The real problem is that the ultimate post processor is the human brain, Cameras are instruments, they measure and record reflected light and colours much more accurately than we do. Unfortunately when we see the result, things like white balance look wrong, because our eyes know what white is, and compensate for color balance before we even see it. Same with many forms of visual pollution. How many of us take photos and comment about hydro lines etc, that we never saw when we took the shot. The mind shows us what we want to see, or imagine, not what is really there, which is why people make such bad witnesses


Me, I'm still holding out for the development of MINDREAD.EXE
05-13-2014, 01:06 PM   #133
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QuoteOriginally posted by Fire Angel Quote
Somehow that link is messed up and it doesn't lead anywhere; since it's an interesting read to you it is likely to interest a lot of us here so I'd love to see it working
Here you go...

Art photography: When 'reality isn't good enough' - CNN.com
05-13-2014, 03:25 PM   #134
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QuoteOriginally posted by wildman Quote
Thanks, that's better!

It is an interesting article, and some of the comments are interesting too. It's good that nowadays an artist can realise their vision in more ways than ever before; sometimes almost all the tools you need are in your camera, and sometimes almost all the work is done after that in PhotoShop. Whichever you choose, it's your vision that matters most. I do like to see people getting a good result straight out of the camera, and I aim to learn how to do the same. I also like seeing the amazing creations of skilled PhotoShop artists, both those who use photographs as source material and those who make purely digital paintings.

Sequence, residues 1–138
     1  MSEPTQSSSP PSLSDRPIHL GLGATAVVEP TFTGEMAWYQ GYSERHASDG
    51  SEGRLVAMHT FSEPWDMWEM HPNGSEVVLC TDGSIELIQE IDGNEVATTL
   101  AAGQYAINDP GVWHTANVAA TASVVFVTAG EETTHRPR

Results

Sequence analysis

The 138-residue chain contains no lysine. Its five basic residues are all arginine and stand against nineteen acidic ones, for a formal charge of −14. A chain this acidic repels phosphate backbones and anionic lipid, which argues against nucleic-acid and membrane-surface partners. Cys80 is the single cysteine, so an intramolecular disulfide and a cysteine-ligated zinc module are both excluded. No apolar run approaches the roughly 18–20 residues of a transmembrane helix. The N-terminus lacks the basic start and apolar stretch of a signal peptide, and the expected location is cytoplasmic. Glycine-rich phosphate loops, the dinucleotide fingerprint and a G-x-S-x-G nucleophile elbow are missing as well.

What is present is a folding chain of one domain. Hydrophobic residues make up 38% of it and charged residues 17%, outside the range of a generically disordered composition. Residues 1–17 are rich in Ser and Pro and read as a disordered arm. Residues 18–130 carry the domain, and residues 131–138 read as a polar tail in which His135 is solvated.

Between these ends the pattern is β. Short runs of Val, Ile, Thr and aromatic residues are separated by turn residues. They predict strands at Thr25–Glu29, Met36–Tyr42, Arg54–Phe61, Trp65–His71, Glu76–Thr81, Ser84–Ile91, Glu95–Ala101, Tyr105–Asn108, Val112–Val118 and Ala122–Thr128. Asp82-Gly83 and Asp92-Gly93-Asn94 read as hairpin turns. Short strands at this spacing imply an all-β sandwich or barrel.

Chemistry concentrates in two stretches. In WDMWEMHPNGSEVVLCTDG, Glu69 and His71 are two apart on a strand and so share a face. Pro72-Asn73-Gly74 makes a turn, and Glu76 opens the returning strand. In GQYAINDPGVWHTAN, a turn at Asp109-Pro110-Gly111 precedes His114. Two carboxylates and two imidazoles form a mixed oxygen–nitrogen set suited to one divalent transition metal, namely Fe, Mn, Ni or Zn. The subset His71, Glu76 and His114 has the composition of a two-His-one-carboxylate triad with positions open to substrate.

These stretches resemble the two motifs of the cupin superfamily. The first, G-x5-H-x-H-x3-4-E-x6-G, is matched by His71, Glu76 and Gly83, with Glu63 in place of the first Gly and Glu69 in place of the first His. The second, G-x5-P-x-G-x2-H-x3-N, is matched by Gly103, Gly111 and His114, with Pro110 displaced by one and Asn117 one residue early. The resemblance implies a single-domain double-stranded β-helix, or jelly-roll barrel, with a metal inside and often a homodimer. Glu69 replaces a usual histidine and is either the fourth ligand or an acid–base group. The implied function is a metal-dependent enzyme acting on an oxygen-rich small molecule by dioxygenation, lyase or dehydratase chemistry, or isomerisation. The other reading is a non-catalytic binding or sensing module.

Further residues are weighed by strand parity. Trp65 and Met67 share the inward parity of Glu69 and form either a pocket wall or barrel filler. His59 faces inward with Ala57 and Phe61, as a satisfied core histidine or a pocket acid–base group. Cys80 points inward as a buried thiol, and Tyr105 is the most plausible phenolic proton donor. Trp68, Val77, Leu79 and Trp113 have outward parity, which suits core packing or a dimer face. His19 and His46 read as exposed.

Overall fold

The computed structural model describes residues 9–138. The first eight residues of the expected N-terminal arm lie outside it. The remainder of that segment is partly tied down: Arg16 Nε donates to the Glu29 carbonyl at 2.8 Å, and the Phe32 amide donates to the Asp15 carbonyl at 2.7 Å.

05-16-2014, 03:18 PM   #135
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Skipping past the pages and pages of arguing, so if I repeat a theme here, I apologize.

This is why you post process:

Sometimes the original image was crap either deliberately (in this case, I was using a bean bag slung over a car window frame, there simply was no way I was going to be able to level it let along pull out the colors properly to match what I was seeing out in the field) or by pure accident, but it has something salvageable within that needs a push to bring out.




Post processing exists to repair or fix a blemished or incomplete original. I tend to shoot night shots and landscapes, usually both. At the very least I'm going to go in and tweak a crooked horizon or massage the vibrancy levels to make a shot look right for me.

My hobby is a hobby that is for me, and how I go about my hobby is really nobody else's business. If someone doesn't like my work, then its not a huge deal. People have different tastes. Life goes on, and all that kind of stuff.